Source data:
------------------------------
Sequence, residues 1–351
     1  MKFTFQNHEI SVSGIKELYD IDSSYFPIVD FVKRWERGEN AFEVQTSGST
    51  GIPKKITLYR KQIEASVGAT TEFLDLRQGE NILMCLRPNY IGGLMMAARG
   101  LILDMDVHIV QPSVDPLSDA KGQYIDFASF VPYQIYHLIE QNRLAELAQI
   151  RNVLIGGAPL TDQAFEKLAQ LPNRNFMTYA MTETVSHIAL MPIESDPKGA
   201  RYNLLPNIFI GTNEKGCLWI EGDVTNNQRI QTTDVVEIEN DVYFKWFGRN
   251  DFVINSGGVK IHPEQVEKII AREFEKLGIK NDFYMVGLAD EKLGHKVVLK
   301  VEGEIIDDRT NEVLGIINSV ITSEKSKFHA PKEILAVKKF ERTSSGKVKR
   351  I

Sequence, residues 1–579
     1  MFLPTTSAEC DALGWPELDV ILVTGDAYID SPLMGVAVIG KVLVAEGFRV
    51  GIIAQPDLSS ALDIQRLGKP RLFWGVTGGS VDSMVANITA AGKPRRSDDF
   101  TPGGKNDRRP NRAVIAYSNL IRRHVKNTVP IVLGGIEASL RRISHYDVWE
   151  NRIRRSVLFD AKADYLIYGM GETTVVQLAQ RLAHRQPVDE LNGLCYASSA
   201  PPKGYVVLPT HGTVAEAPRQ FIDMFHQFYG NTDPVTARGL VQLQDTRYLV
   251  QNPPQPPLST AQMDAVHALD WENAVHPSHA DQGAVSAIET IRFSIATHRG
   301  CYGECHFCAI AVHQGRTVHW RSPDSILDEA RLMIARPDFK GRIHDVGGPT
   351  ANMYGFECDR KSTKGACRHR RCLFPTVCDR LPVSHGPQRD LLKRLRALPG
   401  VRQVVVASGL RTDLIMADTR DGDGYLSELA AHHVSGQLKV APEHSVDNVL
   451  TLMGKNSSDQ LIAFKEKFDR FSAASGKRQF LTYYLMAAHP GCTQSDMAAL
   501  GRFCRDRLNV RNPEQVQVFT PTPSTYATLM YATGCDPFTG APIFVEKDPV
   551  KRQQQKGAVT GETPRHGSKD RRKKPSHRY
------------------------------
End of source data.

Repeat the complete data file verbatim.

Sequence, residues 1–351
     1  MKFTFQNHEI SVSGIKELYD IDSSYFPIVD FVKRWERGEN AFEVQTSGST
    51  GIPKKITLYR KQIEASVGAT TEFLDLRQGE NILMCLRPNY IGGLMMAARG
   101  LILDMDVHIV QPSVDPLSDA KGQYIDFASF VPYQIYHLIE QNRLAELAQI
   151  RNVLIGGAPL TDQAFEKLAQ LPNRNFMTYA MTETVSHIAL MPIESDPKGA
   201  RYNLLPNIFI GTNEKGCLWI EGDVTNNQRI QTTDVVEIEN DVYFKWFGRN
   251  DFVINSGGVK IHPEQVEKII AREFEKLGIK NDFYMVGLAD EKLGHKVVLK
   301  VEGEIIDDRT NEVLGIINSV ITSEKSKFHA PKEILAVKKF ERTSSGKVKR
   351  I

Sequence, residues 1–579
     1  MFLPTTSAEC DALGWPELDV ILVTGDAYID SPLMGVAVIG KVLVAEGFRV
    51  GIIAQPDLSS ALDIQRLGKP RLFWGVTGGS VDSMVANITA AGKPRRSDDF
   101  TPGGKNDRRP NRAVIAYSNL IRRHVKNTVP IVLGGIEASL RRISHYDVWE
   151  NRIRRSVLFD AKADYLIYGM GETTVVQLAQ RLAHRQPVDE LNGLCYASSA
   201  PPKGYVVLPT HGTVAEAPRQ FIDMFHQFYG NTDPVTARGL VQLQDTRYLV
   251  QNPPQPPLST AQMDAVHALD WENAVHPSHA DQGAVSAIET IRFSIATHRG
   301  CYGECHFCAI AVHQGRTVHW RSPDSILDEA RLMIARPDFK GRIHDVGGPT
   351  ANMYGFECDR KSTKGACRHR RCLFPTVCDR LPVSHGPQRD LLKRLRALPG
   401  VRQVVVASGL RTDLIMADTR DGDGYLSELA AHHVSGQLKV APEHSVDNVL
   451  TLMGKNSSDQ LIAFKEKFDR FSAASGKRQF LTYYLMAAHP GCTQSDMAAL
   501  GRFCRDRLNV RNPEQVQVFT PTPSTYATLM YATGCDPFTG APIFVEKDPV
   551  KRQQQKGAVT GETPRHGSKD RRKKPSHRY